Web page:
• One reason why nursing homes and assisted living centers need to be high on the vaccine priority list: COVID-19 deaths among residents and staff in US long-term care facilities have surpassed 100,000, Kimberly Bonvisutto, Amy Novotney and Danielle Brown report in McKnight’s Senior Living and McKnight’s Long-Term Care News. That’s 40% of all COVID deaths in the country.

The takeaway

Vaccine success will hinge not only on gaining widespread public buy-in but also on managing expectations. This includes a heads-up on likely side effects, especially for vaccines that require individuals to return for a second dose 21 to 28 days later.


Caution sign, masks and social distancing required, construction site, Queens, NY
Source: Getty

The messaging

It’s all about trust and confidence in the messengers.

  • The Ad Council/COVID Collaborative campaign, aiming for its first messaging in early 2021, will focus on a few key strategies, including: addressing misconceptions and concerns about vaccine safety and effectiveness; uniting trusted messengers, influential voices and large-scale platforms around consistent, research-based messaging; tailoring communications to reach diverse audiences through strategic media placements and community-based outreach; and reinforcing the importance of wearing face masks
  • What you say and how you say it matter. Axios offers a revealing take on “the words that actually persuade people on the pandemic.” Pollster Frank Luntz says, If we don't get this language right, people will die."
  • The Ad Council/COVID Collaborative campaign intends to dovetail with government public health campaigns. Here’s how HHS and the CDC are laying the groundwork for Vaccine Information for You and Your Family.  
  • The Ad Council is not new to this kind of effort: It launched a nationwide polio vaccination campaign in the 1950s.
  • In the survey of 4,000 seniors mentioned above, conducted among subscribers to the SilverSneakers newsletter, the most trusted sources of vaccine information were primary care physicians (78%), the CDC (68%), National Institutes of Health (64%), FDA (63%), health plans (63%) and pharmacists (53%).Trust was lower for state and local authorities, 49% and 44%, respectively.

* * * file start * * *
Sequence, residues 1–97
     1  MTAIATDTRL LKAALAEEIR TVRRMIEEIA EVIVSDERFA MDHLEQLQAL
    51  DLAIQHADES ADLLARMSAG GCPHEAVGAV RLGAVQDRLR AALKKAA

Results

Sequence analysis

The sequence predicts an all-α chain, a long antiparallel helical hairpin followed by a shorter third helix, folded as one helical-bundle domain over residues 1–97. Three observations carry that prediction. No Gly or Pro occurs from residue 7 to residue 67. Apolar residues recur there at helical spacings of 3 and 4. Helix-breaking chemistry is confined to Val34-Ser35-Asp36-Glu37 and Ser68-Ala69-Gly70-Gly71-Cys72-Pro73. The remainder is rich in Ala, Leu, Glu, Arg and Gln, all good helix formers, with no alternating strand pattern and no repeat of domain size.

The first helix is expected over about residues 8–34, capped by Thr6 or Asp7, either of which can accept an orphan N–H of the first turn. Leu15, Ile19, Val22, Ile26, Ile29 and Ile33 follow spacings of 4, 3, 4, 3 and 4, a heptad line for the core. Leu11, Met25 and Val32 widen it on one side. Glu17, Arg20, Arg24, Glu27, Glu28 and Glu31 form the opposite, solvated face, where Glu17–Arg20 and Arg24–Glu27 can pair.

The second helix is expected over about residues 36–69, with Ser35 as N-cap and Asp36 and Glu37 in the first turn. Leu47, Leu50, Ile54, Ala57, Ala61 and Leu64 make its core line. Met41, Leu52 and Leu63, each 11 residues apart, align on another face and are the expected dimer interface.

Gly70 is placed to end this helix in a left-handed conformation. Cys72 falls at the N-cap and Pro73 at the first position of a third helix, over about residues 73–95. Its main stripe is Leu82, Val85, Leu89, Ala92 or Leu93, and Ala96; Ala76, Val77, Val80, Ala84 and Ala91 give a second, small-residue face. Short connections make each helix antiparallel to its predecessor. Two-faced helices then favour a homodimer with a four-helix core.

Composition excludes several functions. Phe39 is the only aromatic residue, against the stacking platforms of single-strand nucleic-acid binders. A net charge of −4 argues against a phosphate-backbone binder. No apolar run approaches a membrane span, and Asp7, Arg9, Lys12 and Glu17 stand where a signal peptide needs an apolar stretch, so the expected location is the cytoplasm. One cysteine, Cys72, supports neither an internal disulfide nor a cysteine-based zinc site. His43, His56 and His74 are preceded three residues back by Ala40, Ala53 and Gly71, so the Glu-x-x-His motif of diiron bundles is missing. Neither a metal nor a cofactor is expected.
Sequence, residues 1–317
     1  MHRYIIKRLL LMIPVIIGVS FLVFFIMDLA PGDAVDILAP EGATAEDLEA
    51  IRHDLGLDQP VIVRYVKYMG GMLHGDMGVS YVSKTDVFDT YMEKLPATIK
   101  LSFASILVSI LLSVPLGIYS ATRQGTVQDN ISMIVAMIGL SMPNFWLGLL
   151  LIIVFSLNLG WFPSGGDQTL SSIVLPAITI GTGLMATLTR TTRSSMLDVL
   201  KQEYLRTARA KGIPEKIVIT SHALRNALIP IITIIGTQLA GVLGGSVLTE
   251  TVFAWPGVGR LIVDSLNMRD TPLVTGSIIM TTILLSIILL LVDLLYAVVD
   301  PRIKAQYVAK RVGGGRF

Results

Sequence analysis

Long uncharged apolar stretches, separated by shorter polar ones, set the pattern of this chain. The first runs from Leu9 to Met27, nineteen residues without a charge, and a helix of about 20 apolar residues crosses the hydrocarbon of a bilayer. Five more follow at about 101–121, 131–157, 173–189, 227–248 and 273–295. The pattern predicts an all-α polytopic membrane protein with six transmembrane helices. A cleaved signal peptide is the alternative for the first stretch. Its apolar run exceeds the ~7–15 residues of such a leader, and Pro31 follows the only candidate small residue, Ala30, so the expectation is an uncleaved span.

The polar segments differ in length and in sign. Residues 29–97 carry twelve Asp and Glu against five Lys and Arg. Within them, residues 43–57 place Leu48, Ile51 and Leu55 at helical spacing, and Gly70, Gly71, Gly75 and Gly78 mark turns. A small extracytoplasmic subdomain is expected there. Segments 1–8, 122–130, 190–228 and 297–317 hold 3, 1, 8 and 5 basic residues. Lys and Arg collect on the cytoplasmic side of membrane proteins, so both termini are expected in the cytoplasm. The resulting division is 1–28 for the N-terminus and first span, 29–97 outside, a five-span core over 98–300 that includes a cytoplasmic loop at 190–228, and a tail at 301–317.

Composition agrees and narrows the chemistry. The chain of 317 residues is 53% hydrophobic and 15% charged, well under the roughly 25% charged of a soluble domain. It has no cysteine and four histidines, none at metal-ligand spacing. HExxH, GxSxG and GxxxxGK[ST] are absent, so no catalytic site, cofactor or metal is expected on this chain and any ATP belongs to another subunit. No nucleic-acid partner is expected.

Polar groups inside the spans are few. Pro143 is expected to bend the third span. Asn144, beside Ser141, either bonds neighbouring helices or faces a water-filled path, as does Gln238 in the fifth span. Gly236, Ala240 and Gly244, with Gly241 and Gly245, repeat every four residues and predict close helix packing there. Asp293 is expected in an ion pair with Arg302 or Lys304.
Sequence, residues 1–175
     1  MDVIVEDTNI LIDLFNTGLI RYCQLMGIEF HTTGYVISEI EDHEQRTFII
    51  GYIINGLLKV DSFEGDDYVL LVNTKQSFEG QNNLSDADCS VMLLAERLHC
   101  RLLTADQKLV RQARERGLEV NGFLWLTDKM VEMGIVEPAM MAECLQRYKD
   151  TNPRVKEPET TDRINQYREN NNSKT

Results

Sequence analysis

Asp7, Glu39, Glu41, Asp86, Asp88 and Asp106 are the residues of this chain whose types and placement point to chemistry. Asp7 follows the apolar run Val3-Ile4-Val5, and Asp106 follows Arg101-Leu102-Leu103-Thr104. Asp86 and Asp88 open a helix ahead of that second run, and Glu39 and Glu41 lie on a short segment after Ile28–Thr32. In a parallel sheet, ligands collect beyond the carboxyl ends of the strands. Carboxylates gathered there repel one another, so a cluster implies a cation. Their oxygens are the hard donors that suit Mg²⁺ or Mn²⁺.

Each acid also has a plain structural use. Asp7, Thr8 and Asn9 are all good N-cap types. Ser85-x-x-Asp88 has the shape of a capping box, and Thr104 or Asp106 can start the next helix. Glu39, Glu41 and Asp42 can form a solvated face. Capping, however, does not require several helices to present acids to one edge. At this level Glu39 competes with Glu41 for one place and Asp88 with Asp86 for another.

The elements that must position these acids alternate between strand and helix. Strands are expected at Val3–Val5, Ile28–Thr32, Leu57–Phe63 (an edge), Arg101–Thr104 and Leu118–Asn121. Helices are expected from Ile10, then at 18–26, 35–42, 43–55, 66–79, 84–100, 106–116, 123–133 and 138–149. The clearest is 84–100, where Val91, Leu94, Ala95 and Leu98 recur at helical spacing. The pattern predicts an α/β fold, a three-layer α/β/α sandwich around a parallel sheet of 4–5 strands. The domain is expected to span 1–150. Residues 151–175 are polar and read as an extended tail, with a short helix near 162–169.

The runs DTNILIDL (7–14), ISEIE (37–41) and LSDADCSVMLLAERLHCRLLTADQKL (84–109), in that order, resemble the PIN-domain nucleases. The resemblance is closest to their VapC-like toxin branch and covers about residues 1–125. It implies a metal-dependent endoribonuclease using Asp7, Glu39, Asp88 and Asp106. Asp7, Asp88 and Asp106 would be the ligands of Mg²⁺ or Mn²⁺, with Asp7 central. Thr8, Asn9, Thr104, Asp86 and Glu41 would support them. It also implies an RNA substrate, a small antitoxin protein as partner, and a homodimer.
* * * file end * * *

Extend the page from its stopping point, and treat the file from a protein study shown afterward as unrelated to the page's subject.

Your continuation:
• In the survey of Black and Latinx Americans, 72%of Blacks and 66% of Latinx respondents expressed trust in their health-care provider in matters of decision making. Blacks said they would be twice as likely to trust a source of information of their own ethnicity.
  • Factors such as peer group reinforcement, free access to vaccines, and a desire to protect the health of vulnerable family members could help build trust and drive vaccine uptake, the COVID Collaborative reports.
  • Other factors that influence vaccine hesitancy include the likelihood of adverse effects from the vaccine, the duration of its protection, overall efficacy, and who is endorsing it, Cassandra Pardini reports in MPR.
  • A six-minute HHS video on COVID-19 vaccine featuring Dr. Fauci, FDA  Commissioner Stephen Hahn and Operation Warp Speed chief scientific adviser Moncef Slaoui is offered on the website of the Immunization Action Coalition.
  • The WHO has a helpful Q&A about COVID-19 vaccines on its website.
  • Medical Bag offers a primer on how clinicians can explain the concept of herd immunity to their patients.
  • 128 hospitals and health systems across the country have united in an effort called Every Mask Up, emphasizing core public health advice.
  • Bruce Springsteen, Jon Stewart and Jon Bon Jovi have teamed up to send this billboard message to fellow New Jerseyans: “Wear a friggin’ mask.”
  • Alas, COVID myths persist. Medical Bag tells how to dispel a dozen of the most common.

The takeaway

Vaccines alone won’t be enough. Vaccines might be the cavalry, but more horses will be needed to keep the enemy at bay through the coming winter. Now is not the time for COVID battle fatigue. We need a second wind propelled by the public health measures we can count on the fingers of one hand—wear masks, avoid crowds, wash our hands, keep our distance. Is there an app for common sense?

Take care, be safe, good people, and we’ll see you back here tomorrow - that’s right, tomorrow - with another edition of the Haymarket Media Coronavirus Briefing.

“Partnering across key stakeholders—federal and local leaders, healthcare professionals, community organizations and others—will be critical for promoting equitable access to vaccines. Equitable vaccine access requires not only effective distribution to every community but also clear and accurate communication from those that the community can trust.” - Mark McClellan, former FDA Commissioner and member of the COVID Collaborative